South-east Asia benefits from US-China trade rivalry but not taking advantage of situation: Expert

Former Indonesian foreign minister Marty Natalegawa said South-east Asia is in itself an attractive destination “because of our inherent potential” for investors.

Yip Wai Yee

Yip Wai Yee

The Straits Times


(From left) OCBC Bank’s head of treasury research and strategy Selena Ling, former Indonesian foreign minister Marty Natalegawa and ST associate editor Vikram Khanna during a panel session at the Asia Future Summit. ST PHOTO: FELINE LIM

November 2, 2022

SINGAPORE – As Beijing faces more economic pressures amid trade tensions with the United States, businesses are increasingly moving operations out of China to South-east Asia – but that should not be viewed as this region taking advantage of the situation.

According to former Indonesian foreign minister Marty Natalegawa, South-east Asia is in itself an attractive destination “because of our inherent potential” for investors, no matter where they come from.

“That’s what has made South-east Asia strong, (being) geopolitically resilient in the past. We have basically enjoyed the comfort level and trust of countries of various natures,” he said. He added that he did not wish for this region to be seen as “scheming”.

He was speaking at a panel session at the Asia Future Summit, organised by The Straits Times, at Raffles City Convention Centre on Tuesday. He discussed Asia’s economic outlook alongside Ms Selena Ling, OCBC Bank’s head of treasury research and strategy.

Dr Marty added: “In general, China, whether it is a fast-growing China or a China of relatively less fast growth – it’s an opportunity for our region. I don’t see it necessarily as ‘either-or’ or zero sum.”

South-east Asian countries such as Vietnam have reportedly benefited from the risks and uncertainties that come with the geopolitical tensions between Beijing and Washington, as more businesses move some of their investments outside of China to this part of the world.

Still, China remains a highly significant player in the Asian economy, Ms Ling said.

“I don’t think anyone is going to walk away and say, ‘We can do away with the Chinese market’ – not when all the economies are very intertwined. But it’s how you tread very carefully between these US-China tensions,” she said.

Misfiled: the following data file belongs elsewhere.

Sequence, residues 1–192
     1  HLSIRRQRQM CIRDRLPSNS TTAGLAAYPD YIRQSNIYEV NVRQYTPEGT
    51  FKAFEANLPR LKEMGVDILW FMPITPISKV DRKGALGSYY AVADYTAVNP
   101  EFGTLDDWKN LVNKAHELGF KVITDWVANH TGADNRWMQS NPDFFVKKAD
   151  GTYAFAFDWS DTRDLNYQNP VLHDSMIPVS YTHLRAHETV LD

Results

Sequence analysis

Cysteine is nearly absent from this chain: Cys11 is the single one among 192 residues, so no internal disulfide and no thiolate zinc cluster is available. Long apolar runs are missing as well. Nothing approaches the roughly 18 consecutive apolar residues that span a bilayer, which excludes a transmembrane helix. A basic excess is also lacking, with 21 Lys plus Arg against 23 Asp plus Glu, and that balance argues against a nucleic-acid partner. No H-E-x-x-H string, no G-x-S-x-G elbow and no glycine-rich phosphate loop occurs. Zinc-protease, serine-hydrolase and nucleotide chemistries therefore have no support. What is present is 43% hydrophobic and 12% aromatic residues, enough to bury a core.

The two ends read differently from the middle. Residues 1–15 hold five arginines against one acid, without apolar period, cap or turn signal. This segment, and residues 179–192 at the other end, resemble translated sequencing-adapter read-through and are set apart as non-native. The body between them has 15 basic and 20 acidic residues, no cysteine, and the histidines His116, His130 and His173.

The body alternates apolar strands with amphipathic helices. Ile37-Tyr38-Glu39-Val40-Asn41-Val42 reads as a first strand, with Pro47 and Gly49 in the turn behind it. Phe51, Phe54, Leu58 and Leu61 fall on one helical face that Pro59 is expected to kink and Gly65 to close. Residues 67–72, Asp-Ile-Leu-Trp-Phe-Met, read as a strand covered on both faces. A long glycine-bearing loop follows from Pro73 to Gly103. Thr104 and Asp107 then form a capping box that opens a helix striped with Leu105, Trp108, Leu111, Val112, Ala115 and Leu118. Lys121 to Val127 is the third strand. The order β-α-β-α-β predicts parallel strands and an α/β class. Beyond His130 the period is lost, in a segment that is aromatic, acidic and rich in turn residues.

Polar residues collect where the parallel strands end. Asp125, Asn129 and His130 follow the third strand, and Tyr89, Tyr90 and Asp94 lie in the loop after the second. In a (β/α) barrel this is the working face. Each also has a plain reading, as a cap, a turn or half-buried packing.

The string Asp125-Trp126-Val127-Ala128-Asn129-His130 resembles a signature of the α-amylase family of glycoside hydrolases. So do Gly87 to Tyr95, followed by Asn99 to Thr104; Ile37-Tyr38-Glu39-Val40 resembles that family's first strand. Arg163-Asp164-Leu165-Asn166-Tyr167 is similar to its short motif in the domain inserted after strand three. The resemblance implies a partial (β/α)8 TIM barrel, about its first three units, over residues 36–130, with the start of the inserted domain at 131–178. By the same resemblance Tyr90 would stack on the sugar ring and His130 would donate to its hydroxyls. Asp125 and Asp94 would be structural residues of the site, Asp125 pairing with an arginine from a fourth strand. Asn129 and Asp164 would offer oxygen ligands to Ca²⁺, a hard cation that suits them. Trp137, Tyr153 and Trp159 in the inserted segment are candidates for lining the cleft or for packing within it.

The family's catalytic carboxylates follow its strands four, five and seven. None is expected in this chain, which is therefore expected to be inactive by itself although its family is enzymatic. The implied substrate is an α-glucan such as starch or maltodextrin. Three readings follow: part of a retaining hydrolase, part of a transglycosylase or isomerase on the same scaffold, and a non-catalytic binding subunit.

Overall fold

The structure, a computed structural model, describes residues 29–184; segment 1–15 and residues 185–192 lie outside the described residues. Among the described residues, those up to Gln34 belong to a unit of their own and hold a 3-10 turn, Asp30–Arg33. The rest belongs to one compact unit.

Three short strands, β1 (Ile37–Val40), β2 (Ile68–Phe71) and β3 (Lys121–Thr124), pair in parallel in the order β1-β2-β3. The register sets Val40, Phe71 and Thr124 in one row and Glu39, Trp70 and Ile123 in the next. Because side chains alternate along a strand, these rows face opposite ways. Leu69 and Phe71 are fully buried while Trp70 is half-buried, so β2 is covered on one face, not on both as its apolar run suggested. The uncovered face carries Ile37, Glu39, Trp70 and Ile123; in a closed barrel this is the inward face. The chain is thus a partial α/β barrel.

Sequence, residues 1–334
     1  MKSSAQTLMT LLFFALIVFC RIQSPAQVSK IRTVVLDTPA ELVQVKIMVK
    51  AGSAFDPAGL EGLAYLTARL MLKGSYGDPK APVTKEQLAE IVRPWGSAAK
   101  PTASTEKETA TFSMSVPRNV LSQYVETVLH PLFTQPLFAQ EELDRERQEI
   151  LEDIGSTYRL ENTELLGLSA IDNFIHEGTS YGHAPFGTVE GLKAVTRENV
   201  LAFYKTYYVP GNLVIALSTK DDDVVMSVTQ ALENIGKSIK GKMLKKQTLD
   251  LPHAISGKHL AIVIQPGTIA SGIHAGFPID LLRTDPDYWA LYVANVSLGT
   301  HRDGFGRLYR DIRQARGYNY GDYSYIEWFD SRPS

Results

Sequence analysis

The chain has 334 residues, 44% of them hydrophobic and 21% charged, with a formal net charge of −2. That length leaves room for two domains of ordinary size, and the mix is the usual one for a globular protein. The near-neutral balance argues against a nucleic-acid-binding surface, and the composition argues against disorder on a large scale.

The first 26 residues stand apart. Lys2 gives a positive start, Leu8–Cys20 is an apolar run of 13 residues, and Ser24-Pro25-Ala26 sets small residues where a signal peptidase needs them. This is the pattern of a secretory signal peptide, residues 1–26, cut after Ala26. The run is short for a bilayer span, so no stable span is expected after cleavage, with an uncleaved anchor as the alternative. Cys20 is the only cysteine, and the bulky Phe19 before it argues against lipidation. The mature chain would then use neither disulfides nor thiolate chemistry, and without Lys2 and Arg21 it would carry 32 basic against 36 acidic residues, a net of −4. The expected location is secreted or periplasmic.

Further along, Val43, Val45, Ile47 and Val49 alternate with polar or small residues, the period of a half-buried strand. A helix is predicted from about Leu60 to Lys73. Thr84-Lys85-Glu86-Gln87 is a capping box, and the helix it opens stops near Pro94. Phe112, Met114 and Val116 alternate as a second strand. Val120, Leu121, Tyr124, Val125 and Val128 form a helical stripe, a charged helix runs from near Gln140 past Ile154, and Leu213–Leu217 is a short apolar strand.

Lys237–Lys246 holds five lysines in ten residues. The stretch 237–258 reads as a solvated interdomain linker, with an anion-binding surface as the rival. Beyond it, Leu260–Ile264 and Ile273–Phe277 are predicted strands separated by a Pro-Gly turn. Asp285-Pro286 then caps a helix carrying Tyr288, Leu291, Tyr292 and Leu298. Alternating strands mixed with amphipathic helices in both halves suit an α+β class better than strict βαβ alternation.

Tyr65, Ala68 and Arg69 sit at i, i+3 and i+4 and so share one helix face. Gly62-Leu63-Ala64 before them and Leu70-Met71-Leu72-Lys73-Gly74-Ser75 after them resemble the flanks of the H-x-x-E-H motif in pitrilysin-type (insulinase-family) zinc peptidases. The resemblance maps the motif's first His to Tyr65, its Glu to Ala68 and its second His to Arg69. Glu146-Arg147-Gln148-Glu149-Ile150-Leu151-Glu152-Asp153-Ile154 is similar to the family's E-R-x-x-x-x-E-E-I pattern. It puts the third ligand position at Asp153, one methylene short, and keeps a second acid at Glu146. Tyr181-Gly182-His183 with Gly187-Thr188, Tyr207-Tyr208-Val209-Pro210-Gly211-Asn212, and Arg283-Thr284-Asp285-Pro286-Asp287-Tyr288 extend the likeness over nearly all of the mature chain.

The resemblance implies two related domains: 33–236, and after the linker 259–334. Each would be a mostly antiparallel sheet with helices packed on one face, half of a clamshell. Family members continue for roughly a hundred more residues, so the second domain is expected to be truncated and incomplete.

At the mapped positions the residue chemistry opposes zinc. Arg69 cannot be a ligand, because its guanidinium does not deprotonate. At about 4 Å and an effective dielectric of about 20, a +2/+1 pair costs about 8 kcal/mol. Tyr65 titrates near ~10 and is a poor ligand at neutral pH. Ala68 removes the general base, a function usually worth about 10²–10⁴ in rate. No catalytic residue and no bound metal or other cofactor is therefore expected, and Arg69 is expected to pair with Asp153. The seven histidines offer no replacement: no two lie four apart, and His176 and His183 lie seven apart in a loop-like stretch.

And while the rivalry between China and the US lends itself to opportunities for this region, Dr Marty said, they also present challenges.

“We’re being pulled left and right. That is why for Asean member states, not only in the political domain, but also in the economic domain, it is extremely important for us to be in the proactive position rather than simply be at the receiving end,” he said.

He cited the significance of the Regional Comprehensive Economic Partnership, a free trade agreement conceived in Bali in 2011 that has all 10 Asean countries as members, alongside five other Asia-Pacific nations.

At the time, Asean felt that it needed an economic agreement “where Asean is the conductor, where Asean is central and the driver”, he said.

During the same session, the panellists also mulled over the possibility of a recession coming to Asia. On a scale of zero to 10 – with zero indicating no chance of it happening – Ms Ling pinned the likelihood down to “four-plus”.

That is because there may be a “globally synchronised slowdown” in all the major markets, even though it is for idiosyncratic reasons, she said.

For example, Europe and Britain are going to be in a recession “very soon”, while China faces challenges that come with its zero-Covid-19 strategy and a troubled property sector, added Ms Ling.

“And Asia is not going to be immune to that. Singapore is not going to be immune to that. So although we have not pencilled in a full-fledged recession for Singapore and the Asian countries per se for 2023, the dial keeps shifting towards the downside,” she said.

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